Inventions, co-sponsored by Delta Faucets, brings together individuals from all walks of life by asking them to answer the question: “What invention would make your life better?” The results range from the practical, like noise-cancelling speakers to improve congested urban living, to the fanciful, like an augmented Toyota Tercel that transforms cats into dogs. Each device or idea is “prototyped,” so to speak, by well-crafted animation sequences which illustrate the invention in action, resulting in a slick, 2-minute-long package of ideas, personalities and even the occasional funny gag.

There are at least two white male 20-something comedians featured in these episodes, but while they’re both very funny and creative, the stronger episodes feature people from more eclectic backgrounds. USC film sound professor Tomlinson Holman, who invented the THX sound system, lays out his noise-canceling speakers idea with familiarity and grace. And sure, environmental justice advocate Majora Carter’s plan for a virus that spreads love is more than a little hippy-dippy, but her earnestness is as contagious as a cold.

My favorite invention is video artist Lincoln Schatz’s brain-sharing device. OK so it probably won’t be possible to experience the world through someone else’s consciousness for several more decades. But the way Schatz describes the concept, which would, for example, allow you to walk around a city and see architecture the way a brilliant architect does, is eye-opening in its own way.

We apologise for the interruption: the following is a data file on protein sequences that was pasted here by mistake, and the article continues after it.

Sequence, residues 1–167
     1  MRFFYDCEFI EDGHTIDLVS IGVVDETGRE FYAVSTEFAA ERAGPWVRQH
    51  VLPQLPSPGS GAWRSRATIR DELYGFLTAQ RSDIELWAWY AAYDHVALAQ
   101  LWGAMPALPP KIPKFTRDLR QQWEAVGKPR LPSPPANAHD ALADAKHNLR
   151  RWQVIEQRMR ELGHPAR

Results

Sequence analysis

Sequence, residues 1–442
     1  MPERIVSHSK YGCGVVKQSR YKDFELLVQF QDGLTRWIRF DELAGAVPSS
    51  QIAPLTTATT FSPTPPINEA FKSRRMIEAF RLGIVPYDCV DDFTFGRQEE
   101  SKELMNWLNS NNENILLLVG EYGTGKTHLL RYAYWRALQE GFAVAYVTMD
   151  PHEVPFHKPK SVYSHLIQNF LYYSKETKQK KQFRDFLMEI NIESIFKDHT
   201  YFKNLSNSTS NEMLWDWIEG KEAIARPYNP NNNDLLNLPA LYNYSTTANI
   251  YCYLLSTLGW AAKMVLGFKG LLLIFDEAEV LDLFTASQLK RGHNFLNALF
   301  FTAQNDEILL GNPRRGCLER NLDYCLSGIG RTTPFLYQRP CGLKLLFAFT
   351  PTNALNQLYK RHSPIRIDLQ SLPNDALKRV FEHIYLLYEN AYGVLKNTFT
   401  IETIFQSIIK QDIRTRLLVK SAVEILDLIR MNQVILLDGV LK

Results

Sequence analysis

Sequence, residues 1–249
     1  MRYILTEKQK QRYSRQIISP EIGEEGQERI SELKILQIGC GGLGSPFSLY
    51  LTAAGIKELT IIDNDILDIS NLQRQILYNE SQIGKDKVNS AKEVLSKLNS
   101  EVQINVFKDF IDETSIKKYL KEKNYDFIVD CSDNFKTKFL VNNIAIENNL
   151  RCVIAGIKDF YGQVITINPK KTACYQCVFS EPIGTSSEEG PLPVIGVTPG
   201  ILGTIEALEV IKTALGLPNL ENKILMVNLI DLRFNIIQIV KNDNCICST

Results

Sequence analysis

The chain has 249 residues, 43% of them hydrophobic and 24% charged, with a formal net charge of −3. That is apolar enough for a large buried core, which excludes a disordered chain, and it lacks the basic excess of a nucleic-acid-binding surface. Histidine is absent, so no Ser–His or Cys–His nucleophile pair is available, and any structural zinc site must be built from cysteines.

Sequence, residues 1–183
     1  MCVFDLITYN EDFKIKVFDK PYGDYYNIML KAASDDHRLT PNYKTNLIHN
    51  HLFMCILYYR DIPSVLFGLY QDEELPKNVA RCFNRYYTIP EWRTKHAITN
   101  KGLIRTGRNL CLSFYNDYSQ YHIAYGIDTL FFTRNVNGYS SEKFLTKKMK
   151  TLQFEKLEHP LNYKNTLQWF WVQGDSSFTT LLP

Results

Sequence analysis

What Inventions promises on the surface is the seemingly impossible. But what it delivers to audiences is imagination and innovation, which are the ingredients necessary to make the impossible come true.

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Media Attention Didn’t Help Homeless-bound Woman

helenRecently, we brought you the story of Brianna Karp, a homeless woman who, through hard work and determination, and a little bit of luck, has seen her situation improve greatly.  She got her big break when she pitched herself to Elle columnist E. Jean Carroll and scored an internship When Brianna’s story went national, Wal-Mart felt compelled to return her wrongfully-impounded trailer, and she also got a job at Orange County Choppers.

Even though she’s still working hard and struggling, Brianna’s is definitely a feel-good story.

Several days ago, I was contacted by Helen Hatat, a woman whose story echoes Brianna’s in some respects, but which is definitely a feel-bad story.

Like Brianna, Helen was an Executive Assistant, until she lost her job due to the disastrous economy.  She’s college-educated, has a good resume’, but has been unable to find a job.  Like Brianna, Helen’s story has received media coverage.  CBS2 New York did a story on her in July, nine days before she was to be evicted.

Unfortunately for Helen, the attention didn’t change much.  She still sends out hundreds of resume’s, but  has yet to find a job.  When she put an ad on Craig’s List looking for work, what she got were criminal and sexual propositions.  She has subsisted on help from church and friends, but months later, she finds herself on the verge of homelessness again.  She has no medical insurance, and no way to pay the $800 every 2 weeks that her landlord agreed to to keep her from being evicted.

It’s tempting to see a story like Brianna’s, and feel too good.  She would be the first person to admit that, compared to other homeless people, and despite her worthiness, she has been very fortunate.  She would also be the first person to tell you not to forget about people like Helen, who teeter on the verge of homelessness, or people like the ones I met in January, who endure varying degrees of hardship living in shelters or the streets.